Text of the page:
# Negation of converse of a theorem related to linear independence

• Theorem $$T:\quad$$ Let $$S = \{v_1, v_2,..., v_p\}$$ be a set of vectors in $$\mathbb R^m$$. If $$p>m$$, then this set is linearly dependent.

Theorem $$T$$ can be proved to be true.

• Converse $$T_c$$ of theorem $$T:\quad$$ If the set $$S$$ is linearly dependent then $$p > m$$.

The converse of theorem $$T$$ is not a true statement. Does it mean that its negation is true?

• Negation $$T_{nc}$$ of $$T_c:\quad$$ The set $$S$$ is linearly dependent and $$p \le m$$.

In simple words, what does $$T_{nc}$$ mean, and how to prove it?

• Does this answer your question? Is a counterexample considered a rigorous proof that a property is not true? The answers to that post can be considered as "abstract duplicates", so I shall delete my answer below, and just copy-paste it as a comment. Mar 27 at 7:16
• The "converse" of the theorem T: For all $S=(v_1,\dots,v_p),$ if $p>m$ then $S$ is dependent is the (wrong) statement Tc: For all $S=(v_1,\dots,v_p),$ if $S$ is dependent then $p>m.$ The negation of this "converse" is the (true) statement Tnc: There exists $S=(v_1,\dots,v_p)$ such that $S$ is dependent and $p\le m.$ A proof that Tc is false (or Tnc is true) is a "counterexample", i.e. an example of such an $S.$ E.g. $S=(0).$ Mar 27 at 7:20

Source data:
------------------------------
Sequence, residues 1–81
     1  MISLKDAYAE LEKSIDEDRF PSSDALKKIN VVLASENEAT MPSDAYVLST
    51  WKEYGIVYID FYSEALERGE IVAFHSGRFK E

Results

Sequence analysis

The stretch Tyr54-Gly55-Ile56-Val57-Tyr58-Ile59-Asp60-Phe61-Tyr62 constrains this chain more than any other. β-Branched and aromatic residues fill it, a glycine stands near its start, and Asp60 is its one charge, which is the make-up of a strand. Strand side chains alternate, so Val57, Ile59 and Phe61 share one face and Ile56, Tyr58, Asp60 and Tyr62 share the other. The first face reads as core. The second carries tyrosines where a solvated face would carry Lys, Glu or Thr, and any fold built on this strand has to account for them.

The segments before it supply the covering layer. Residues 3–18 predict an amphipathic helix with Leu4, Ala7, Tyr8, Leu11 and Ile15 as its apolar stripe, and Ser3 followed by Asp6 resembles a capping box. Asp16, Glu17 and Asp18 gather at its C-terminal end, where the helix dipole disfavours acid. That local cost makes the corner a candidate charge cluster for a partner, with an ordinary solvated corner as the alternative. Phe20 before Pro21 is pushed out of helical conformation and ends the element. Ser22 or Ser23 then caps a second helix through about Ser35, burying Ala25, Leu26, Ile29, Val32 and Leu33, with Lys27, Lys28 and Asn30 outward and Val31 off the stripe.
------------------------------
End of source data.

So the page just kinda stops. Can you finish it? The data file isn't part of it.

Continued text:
• @AnneBauval The quantifiers introduced by you for the explanation is really valuable. Then the negation is more clear. Mar 27 at 9:16

The converse of theorem $$T$$ is not a true statement. Does it mean that its negation is true?

Negating a statement logically flips its truth value; this means that even if you abstractly redefine the phrases (e.g., 'linearly dependent') and non-logical symbols (e.g., the 'less than' symbol) within it, the statement and its negation continues to have opposite truth values. So, the negation of a false statement has to be true.

• Theorem $$T:\quad$$ Let $$S = \{v_1, v_2,..., v_p\}$$ be a set of vectors in $$\mathbb R^m$$. If $$p>m$$, then this set is linearly dependent.
• Converse $$T_c$$ of theorem $$T:\quad$$ If $$S$$ is linearly dependent then $$p > m$$.

You have not fully stated the converse $$T_c:$$ the part about $$S$$ being an arbitrary set of $$p$$ vectors in $$\mathbb R^m$$ is important, because in full: $$\forall p{\in}\mathbb Z_0^+\quad\forall m{\in}\mathbb Z^+\\\forall S{\in}\{\text{sets of p vectors in }\mathbb R^m\}\;(S\text{ is linearly dependent}\implies p>m).\tag1$$

• Negation $$T_{nc}$$ of $$T_c:\quad$$ $$S$$ is linearly dependent and $$p \le m$$.

Consequently, your negation is incomplete; compare it with the full negation $$\exists p{\in}\mathbb Z_0^+\quad\exists m{\in}\mathbb Z^+\\\exists S{\in}\{\text{sets of p vectors in }\mathbb R^m\}\;(S\text{ is linearly dependent and } p\le m).\tag{1n}$$

how to prove $$T_{nc}$$ ?

As suggested by Anne Bauval, just exhibit $$(p,m,S)=\left\{1,1,\{0\}\right\}.$$

In my second paragraph above, the point is that the "Let $$S = \{v_1, v_2,..., v_p\}$$ be a set of vectors in $$\mathbb R^m$$" part of theorem $$T$$ is understood to mean that $$S$$ is an arbitrary set of $$p$$ vectors in $$\mathbb R^m,$$ and that this stipulation is equivalent to the sequence of universal quantifiers that I made explicit in statement $$(1).$$